• assess distal perfusion and neurological function
  • x-rays to look for fractures and foreign bodies
  • ultrasound may show underlying hematoma, soft tissue disruption and foreign bodies


  • consult orthopedic or plastic surgeon urgently
  • clean and cover wounds with saline-soaked dressings
  • AAA treatment: analgesia, antibiotics, ADT if needed
  • splint and elevate limb
  • preserve amputated parts
  • treat associated injuries and complications (e.g. fractures, dislocations, compartment syndrome, crush syndrome)
  • surgical treatment aims to achieve coverage by replacing the degloved tissue or through use of flaps or skin grafts to prevent necrosis of underlying structures
  • closed degloving injuries may be treated by washout and drainage of the subcutaneous tissues followed by compression bandages if the overlying tissues are viable.

Q8. Describe your overall approach to major trauma involving a limb injury

As always:

Concurrent assessment and management in an appropriately staffed and equipped trauma bay, involving activation of the trauma team and a coordinated team-based approach.


  • ABCDE approach with cervical spine immobilisation if indicated

Address life threats

  • pelvic fracture with major hemorrhage — apply pelvic binder, hemostatic resuscitation, correct coagulopathy
  • major arterial hemorrhage — direct pressure, tourniquet, elevate, hemostatic resuscitation, correct coagulopathy
  • crush syndrome — fluid resuscitation to keep urine output > 1-2 mL/kg/h, treat hyperkalemia

Address limb threats

  • open fractures — clean and cover wounds, reduce fracture, splint and elevate limb, antibiotics
  • compartment syndrome — assess compartment pressures and neurovascular status, remove constrictions,arrange for fasciectomy
  • amputation — preserve amputated part (clean, wrap in saline-soaked gauze, keep on ice), clean and cover wound, antibiotics, consider reimplantation
  • vascular injury — assess for hard and soft signs, measure ABI, consider CT angiogram and surgical intervention
    (see Trauma Tribulation 030 — Trauma! Extremity Arterial Hemorrhage)
  • neurological injury — assess neurovascular status, reduce fractures and relieve constrictions, consider surgical repair
  • degloving injury — clean and cover wounds, antibiotics

Supportive care and monitoring

  • AAA treatment: analgesia (early!), antibiotics (in severe open injuries), ADT (if tentanus immunisation is indicated)
  • splint and elevate injured extremity
  • FASTHUGS IN BED Please! (as needed)
  • seek and treat other injuries (e.g. tendon rupture)
  • seek and treat complications (e.g. compartment syndrome, neurovascular compromise)


  • urgent surgical consult for assessment, admission and operative intervention
  • transfer to a specialist trauma center if appropriate


Textbooks and Journal Articles

  • Fildes J, et al. Advanced Trauma Life Support Student Course Manual (8th edition), American College of Surgeons 2008.
  • Legome E, Shockley LW. Trauma: A Comprehensive Emergency Medicine Approach, Cambridge University Press, 2011.
  • Marx JA, Hockberger R, Walls RM. Rosen’s Emergency Medicine: Concepts and Clinical Practice (7th edition), Mosby 2009. []
  • Newton EJ, Love J. Acute complications of extremity trauma. Emerg Med Clin North Am. 2007 Aug;25(3):751-61, iv. PMID: 17826216.
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  1. says

    Hang on, what is this thing you call the “ABCDE approach”?

    Do you mean the typical ICU approach to trauma?


    FIGJAM (f*** I’m good just ask me)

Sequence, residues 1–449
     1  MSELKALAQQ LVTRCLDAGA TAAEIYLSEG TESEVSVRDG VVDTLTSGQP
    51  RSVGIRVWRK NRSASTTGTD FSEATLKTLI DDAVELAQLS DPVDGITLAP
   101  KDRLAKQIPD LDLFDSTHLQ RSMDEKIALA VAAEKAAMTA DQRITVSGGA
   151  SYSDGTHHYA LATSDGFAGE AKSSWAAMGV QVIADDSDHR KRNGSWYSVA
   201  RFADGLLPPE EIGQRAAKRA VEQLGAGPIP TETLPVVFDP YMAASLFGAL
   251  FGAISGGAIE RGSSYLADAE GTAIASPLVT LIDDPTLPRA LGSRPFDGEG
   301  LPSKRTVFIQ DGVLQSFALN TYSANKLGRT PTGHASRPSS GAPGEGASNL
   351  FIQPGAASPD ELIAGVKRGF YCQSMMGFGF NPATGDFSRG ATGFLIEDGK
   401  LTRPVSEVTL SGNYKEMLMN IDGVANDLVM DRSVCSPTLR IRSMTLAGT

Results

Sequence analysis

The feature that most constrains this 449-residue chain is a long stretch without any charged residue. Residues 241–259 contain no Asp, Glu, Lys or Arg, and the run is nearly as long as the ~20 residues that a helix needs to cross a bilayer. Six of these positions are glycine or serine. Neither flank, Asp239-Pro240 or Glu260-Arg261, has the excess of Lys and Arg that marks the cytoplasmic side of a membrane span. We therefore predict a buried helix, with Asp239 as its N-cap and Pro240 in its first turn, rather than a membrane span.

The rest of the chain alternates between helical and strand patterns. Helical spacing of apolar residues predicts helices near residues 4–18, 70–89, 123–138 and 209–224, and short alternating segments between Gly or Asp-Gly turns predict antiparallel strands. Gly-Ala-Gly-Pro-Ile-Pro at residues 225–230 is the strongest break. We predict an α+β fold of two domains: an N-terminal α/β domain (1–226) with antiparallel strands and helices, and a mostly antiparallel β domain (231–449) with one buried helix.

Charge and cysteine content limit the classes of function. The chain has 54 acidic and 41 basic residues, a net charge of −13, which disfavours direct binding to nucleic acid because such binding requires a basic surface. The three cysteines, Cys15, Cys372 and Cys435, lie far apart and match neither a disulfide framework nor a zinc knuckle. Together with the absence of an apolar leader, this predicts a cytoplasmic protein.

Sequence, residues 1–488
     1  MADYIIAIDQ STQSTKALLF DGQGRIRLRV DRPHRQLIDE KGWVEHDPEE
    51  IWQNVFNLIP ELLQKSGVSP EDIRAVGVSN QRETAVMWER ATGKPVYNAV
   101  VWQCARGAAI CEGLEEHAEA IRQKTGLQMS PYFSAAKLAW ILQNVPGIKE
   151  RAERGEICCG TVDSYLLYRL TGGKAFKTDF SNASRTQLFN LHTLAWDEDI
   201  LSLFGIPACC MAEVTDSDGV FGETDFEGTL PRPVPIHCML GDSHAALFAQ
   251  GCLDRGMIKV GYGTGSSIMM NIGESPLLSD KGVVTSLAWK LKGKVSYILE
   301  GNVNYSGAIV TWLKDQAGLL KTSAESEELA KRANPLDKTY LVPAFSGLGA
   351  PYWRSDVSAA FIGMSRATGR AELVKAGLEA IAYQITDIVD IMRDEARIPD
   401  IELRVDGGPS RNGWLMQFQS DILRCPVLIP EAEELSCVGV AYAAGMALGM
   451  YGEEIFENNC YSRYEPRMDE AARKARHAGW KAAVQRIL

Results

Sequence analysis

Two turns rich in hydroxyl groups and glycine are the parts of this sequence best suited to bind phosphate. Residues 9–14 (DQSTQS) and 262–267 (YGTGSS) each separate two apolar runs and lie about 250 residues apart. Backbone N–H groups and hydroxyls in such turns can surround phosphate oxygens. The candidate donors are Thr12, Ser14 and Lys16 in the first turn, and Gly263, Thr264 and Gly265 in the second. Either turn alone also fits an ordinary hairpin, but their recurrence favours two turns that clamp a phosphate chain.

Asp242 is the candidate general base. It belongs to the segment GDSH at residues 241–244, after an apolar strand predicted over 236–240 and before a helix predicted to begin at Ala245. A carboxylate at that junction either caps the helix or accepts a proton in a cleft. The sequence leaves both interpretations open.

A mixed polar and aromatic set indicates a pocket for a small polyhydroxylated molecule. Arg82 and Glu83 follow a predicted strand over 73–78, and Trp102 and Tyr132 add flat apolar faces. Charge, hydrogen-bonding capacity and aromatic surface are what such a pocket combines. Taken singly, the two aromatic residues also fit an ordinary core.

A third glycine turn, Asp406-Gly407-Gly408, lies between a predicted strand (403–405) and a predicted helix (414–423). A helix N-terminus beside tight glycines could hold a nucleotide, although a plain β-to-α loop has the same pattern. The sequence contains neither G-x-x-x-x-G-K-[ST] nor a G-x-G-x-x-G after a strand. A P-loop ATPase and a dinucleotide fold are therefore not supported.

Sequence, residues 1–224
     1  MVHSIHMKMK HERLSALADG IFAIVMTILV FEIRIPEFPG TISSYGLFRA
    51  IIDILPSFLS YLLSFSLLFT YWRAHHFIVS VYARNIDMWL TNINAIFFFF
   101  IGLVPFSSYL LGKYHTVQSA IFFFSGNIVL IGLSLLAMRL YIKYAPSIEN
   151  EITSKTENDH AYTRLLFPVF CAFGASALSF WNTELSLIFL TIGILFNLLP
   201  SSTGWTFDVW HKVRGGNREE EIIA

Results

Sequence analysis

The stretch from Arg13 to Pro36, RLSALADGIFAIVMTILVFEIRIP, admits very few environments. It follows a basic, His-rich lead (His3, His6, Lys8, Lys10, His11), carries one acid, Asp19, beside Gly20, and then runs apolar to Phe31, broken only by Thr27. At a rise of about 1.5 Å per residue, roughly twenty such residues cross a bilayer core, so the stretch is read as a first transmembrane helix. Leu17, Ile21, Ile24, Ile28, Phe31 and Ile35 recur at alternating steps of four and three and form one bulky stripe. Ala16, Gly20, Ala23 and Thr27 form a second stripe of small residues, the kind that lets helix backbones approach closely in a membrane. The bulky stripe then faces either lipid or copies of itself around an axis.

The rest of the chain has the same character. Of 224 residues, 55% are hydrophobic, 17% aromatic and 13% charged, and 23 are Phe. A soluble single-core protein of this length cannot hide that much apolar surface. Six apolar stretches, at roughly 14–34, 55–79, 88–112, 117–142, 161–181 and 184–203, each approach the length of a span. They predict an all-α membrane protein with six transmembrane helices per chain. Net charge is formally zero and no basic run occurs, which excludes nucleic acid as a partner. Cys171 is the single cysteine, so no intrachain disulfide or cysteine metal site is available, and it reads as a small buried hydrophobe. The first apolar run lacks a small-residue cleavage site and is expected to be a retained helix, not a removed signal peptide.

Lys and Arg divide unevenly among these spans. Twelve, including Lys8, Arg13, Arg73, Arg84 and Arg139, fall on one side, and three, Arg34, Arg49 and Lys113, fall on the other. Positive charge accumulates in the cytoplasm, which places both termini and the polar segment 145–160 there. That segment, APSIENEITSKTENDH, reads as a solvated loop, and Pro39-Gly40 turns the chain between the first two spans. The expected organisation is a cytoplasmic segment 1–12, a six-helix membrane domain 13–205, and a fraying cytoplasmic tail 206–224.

Or the EMST/ATLS approach?


    Otherwise, great post!

    Quick Q -- best way to assess compartment pressure? Especially for us rural guys without access to a Stryker kit etc…?

    • says

      Should the UCEM Resuscitation Guidelines ( be revised your talents will be call upon…

      As for compartment pressure measurement in the Stryker-less world, I have excerpted this from the compartment syndrome post (

      Compartment pressures may also be obtained using an angiocath connected to a blood pressure transducer (e.g. arterial line set up).

      Other options for measuring compartment pressures include the needle technique, the wick catheter, and the slit catheter. Perron et al (2006) describe the needle technique as follows:

      The needle technique has the advantage that it can be performed with items that are readily available in every ED. An 18-gauge needle is attached to an intravenous extension tube and then to a stopcock. Approximately half the tubing is filled with sterile saline — being certain that air is not allowed into the tubing. A second intravenous extension tube is attached to the 3-way stopcock with the opposite end attached to the blood pressure manometer. The needle is then placed in the compartment and the apparatus kept at the level of the needle. The stopcock is then turned so that it is open in the direction of the intravenous tubing on either side of a syringe. The syringe filled with air is slowly compressed, causing air to move into both extension tubes. The meniscus created by the saline in the extension tube attached to the 18-gauge needle is watched carefully for any movement. As soon as movement occurs in the fluid column, the compartment pressure is read from the blood pressure manometer. This technique, although simple to perform with minimal equipment, may be inaccurate.

      I don’t think compartment pressures are 100% reliable -- it may be possible that pressure is not evenly distributed throughout a compartment, and you may need to measure multiple compartments (e.g. in the calf). If you strongly suspect compartment syndrome and the numbers don’t add up, go with your gut.


  2. Sacha Schweikert says

    Nice post Chris! One suggestion with regard to early analgesia would be consideration of an early nerve block, such as femoral or even brachial plexus. Often forgotten but can be highly effective and prevent overuse of opiates and consequences thereof. Of course the sympathicolytic effects of iv opiates are helpful in the trauma setting, therefore iv analgesia and local blocks probably best complement each other. It is however of crucial importance to document neurological deficits prior to any regional block administration.
    Have to try the needle technique for compartment, you sure that comes from Perron et al. and not MacGyver?